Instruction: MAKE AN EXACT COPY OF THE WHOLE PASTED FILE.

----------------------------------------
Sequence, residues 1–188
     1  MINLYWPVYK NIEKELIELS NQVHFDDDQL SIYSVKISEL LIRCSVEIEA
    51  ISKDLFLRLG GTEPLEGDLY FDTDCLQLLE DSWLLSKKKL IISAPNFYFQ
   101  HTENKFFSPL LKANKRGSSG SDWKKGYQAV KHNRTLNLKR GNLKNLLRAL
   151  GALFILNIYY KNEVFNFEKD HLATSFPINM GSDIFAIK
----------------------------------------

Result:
Sequence, residues 1–188
     1  MINLYWPVYK NIEKELIELS NQVHFDDDQL SIYSVKISEL LIRCSVEIEA
    51  ISKDLFLRLG GTEPLEGDLY FDTDCLQLLE DSWLLSKKKL IISAPNFYFQ
   101  HTENKFFSPL LKANKRGSSG SDWKKGYQAV KHNRTLNLKR GNLKNLLRAL
   151  GALFILNIYY KNEVFNFEKD HLATSFPINM GSDIFAIK